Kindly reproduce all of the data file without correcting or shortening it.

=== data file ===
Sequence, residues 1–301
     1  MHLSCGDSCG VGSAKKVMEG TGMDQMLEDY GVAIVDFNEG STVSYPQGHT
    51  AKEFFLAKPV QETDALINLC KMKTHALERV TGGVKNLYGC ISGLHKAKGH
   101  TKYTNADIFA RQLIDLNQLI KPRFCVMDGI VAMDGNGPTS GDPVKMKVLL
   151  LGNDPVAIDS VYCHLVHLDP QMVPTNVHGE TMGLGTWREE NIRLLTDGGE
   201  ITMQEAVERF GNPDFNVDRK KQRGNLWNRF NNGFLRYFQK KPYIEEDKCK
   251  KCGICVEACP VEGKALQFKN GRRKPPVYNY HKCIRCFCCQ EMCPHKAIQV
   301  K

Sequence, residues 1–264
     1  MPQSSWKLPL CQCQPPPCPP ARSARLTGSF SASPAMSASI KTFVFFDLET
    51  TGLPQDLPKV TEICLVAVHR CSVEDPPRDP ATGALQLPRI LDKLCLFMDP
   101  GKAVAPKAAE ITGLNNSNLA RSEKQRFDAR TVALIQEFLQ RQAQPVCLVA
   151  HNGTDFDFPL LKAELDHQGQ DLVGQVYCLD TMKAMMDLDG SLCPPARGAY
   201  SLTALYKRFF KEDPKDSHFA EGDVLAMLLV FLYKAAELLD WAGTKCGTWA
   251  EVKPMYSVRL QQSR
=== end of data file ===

Sequence, residues 1–301
     1  MHLSCGDSCG VGSAKKVMEG TGMDQMLEDY GVAIVDFNEG STVSYPQGHT
    51  AKEFFLAKPV QETDALINLC KMKTHALERV TGGVKNLYGC ISGLHKAKGH
   101  TKYTNADIFA RQLIDLNQLI KPRFCVMDGI VAMDGNGPTS GDPVKMKVLL
   151  LGNDPVAIDS VYCHLVHLDP QMVPTNVHGE TMGLGTWREE NIRLLTDGGE
   201  ITMQEAVERF GNPDFNVDRK KQRGNLWNRF NNGFLRYFQK KPYIEEDKCK
   251  KCGICVEACP VEGKALQFKN GRRKPPVYNY HKCIRCFCCQ EMCPHKAIQV
   301  K

Sequence, residues 1–264
     1  MPQSSWKLPL CQCQPPPCPP ARSARLTGSF SASPAMSASI KTFVFFDLET
    51  TGLPQDLPKV TEICLVAVHR CSVEDPPRDP ATGALQLPRI LDKLCLFMDP
   101  GKAVAPKAAE ITGLNNSNLA RSEKQRFDAR TVALIQEFLQ RQAQPVCLVA
   151  HNGTDFDFPL LKAELDHQGQ DLVGQVYCLD TMKAMMDLDG SLCPPARGAY
   201  SLTALYKRFF KEDPKDSHFA EGDVLAMLLV FLYKAAELLD WAGTKCGTWA
   251  EVKPMYSVRL QQSR